Narmania noted that the government made a decision to conduct an agricultural census along with the population census, which means that along with social and demographic data, information will be gathered about agricultural and industrial activities. The results of the census will be published step by step, and the first results will be made public after six months, Zaza Chelidze said. About USD 10 million will be spent on the census. The last census was conducted in 1989 and found that 5 443 000 people were living in the country, including the population of the breakaway areas Abkhazia and South Ossetia.
According to the population data from 2002, which were published without a census, 4 601 500 people were living in Georgia at the time. Official figures from 2012 show that the population in territories controlled by the Georgian government was about 4.5 million, while in 2011 it was estimated to be about 4,479 000. However a number of NGOs claim that these figures are inflated and that the population of Georgia may be a million less than is claimed.
Georgia has not had a population census for a long time and the census is both a necessary and a sensitive exercise. Results of the census are likely to help build a picture of the accuracy of Georgia’s voting list, which in the past had proved to be a problematic issue during elections. The census will be an important tool in highlighting sensitive issues in Georgian society, including the issue of an aging population and birth rates amongst different ethnic groups, as well as the actual size of ethnic communities. It is therefore essential that the census be conducted with as much accuracy and professionalism as possible and that the data will be released transparently and in a timely fashion.
Source: CEW Staff report with dfwatch.org
Armenian President Serzh Sargsyan, (centre), in military fatigues on the Nagorno-Karabakh frontline in 2012.
The incumbent Armenian President and favorite in next month’s Presidential election, Serzh Sargsyan, was born on 30 June 1954 in the then-Nagorno-Karabakh Autonomous Oblast, where he was an active member of the Komsomol Communist Youth organisation and Secretary of its local branch and later became Assistant to Genrikh Poghosyan, the First Secretary of the Nagorno-Karabakh Communist Party Regional Committee.
During 1972-1974, he served in the USSR armed forces. In 1979, he graduated from the Philological Department of Yerevan State University.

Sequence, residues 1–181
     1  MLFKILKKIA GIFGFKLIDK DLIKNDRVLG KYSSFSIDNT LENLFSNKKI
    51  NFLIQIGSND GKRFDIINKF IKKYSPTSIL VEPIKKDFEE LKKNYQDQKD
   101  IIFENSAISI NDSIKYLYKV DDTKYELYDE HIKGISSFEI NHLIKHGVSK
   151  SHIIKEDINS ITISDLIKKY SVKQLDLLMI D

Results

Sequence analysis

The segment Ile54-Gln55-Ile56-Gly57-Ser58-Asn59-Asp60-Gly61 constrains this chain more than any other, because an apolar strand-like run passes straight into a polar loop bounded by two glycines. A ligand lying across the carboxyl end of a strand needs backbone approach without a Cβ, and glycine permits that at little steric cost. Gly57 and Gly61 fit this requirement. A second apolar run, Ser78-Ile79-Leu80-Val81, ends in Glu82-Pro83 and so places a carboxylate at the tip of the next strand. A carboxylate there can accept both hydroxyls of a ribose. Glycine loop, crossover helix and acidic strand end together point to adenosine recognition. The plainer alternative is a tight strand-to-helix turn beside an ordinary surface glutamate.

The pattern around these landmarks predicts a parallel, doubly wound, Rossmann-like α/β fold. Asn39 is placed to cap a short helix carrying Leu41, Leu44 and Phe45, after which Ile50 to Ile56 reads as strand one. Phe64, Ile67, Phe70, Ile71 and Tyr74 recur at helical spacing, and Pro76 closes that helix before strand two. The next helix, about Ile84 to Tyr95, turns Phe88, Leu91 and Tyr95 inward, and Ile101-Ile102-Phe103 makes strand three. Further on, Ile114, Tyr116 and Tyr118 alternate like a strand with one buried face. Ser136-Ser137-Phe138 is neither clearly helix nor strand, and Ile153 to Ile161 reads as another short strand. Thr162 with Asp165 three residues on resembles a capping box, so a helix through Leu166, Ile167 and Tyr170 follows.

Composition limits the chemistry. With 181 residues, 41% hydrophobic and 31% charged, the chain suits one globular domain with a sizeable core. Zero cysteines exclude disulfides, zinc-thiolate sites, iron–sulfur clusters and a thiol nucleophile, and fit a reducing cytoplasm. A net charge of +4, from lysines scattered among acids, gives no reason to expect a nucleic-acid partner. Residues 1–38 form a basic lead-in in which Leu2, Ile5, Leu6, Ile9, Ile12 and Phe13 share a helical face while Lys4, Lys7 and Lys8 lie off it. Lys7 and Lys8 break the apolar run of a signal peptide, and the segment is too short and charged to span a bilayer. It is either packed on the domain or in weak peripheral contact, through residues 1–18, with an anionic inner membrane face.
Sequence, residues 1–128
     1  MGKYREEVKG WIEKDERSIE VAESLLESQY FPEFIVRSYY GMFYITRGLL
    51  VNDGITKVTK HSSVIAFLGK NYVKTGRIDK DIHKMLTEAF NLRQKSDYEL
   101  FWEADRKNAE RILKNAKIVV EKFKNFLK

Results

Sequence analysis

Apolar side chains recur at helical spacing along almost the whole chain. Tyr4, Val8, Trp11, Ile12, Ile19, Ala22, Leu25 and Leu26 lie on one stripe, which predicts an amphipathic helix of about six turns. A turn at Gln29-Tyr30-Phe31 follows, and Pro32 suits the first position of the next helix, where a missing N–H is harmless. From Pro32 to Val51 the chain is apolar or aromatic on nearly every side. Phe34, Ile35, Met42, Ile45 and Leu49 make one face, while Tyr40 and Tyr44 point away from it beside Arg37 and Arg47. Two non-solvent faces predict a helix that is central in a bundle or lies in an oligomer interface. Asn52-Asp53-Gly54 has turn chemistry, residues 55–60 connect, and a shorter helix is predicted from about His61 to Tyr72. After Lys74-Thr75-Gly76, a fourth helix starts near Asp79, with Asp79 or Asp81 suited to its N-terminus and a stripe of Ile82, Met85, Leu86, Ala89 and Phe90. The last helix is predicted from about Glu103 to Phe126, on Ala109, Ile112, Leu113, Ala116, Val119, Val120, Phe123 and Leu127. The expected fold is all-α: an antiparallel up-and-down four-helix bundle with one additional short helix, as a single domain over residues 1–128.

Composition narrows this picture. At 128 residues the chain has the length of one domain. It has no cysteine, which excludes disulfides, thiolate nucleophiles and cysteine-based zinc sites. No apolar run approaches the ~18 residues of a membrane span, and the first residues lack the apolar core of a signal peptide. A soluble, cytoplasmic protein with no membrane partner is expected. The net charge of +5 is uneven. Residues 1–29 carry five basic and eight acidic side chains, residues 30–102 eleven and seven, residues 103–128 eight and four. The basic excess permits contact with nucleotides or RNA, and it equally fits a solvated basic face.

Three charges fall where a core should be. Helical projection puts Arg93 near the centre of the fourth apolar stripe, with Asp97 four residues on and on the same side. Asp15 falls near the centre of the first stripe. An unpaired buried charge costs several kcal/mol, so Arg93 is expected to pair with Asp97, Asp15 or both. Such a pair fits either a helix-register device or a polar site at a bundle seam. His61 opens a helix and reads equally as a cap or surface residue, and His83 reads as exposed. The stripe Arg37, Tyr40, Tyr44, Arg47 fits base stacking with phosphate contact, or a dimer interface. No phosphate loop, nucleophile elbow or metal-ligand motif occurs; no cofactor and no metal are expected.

As Head of the Nagorno-Karabakh self-defence forces Committee from 1989-93 he was an active participant in the fighting with Azerbaijani forces that led to the region’s separation from Azerbaijan. In 1990, Serzh Sargsyan was elected as a deputy to the Supreme Council of Armenia. From 1993 to 1995, he was the Minister of Defence of the Republic of Armenia. From 1995 to 1996, he was the Head of the Republic of Armenia State Security Department and, later, the Minister of National Security. From 1996 to 1999, he was the Republic of Armenia Minister of Interior and National Security. In this position he was instrumental in helping his old friend from Nagorno-Karabakh, Robert Kocharian, who was then the President of the territory, to move to Yerevan where he eventually became President after President Levon Ter Petrosyan was forced to resign.
Under Kocharian, Sargsyan served as Minister of Defence and Secretary of the National Security Council and was appointed Prime Minister in 2007. After Kocharian second term ended Sargsyan contested the 2008 election which he won in the second round, amidst opposition claims of election fraud.
Those who have observed Serzh Sargsyan political career over the last two decades say that he is essentially a “soviet style military man who has understood the need for reform”. He has been able to manage expertly the rough and tumble of Armenia political life, managing first the transition from Ter Petrosyan to Kocharian, and later his own transition to the Presidency. He is well aware of Armenia’s challenges and limitations and is subsequently a pragmatist. When in 2007 he emerged from the relative shadow of appointments in the military and security sides of government to become Prime Minister, he embraced reform as a necessity. He pursued it cautiously but not without vigor. This has also been the hallmark of his presidency since 2008. More…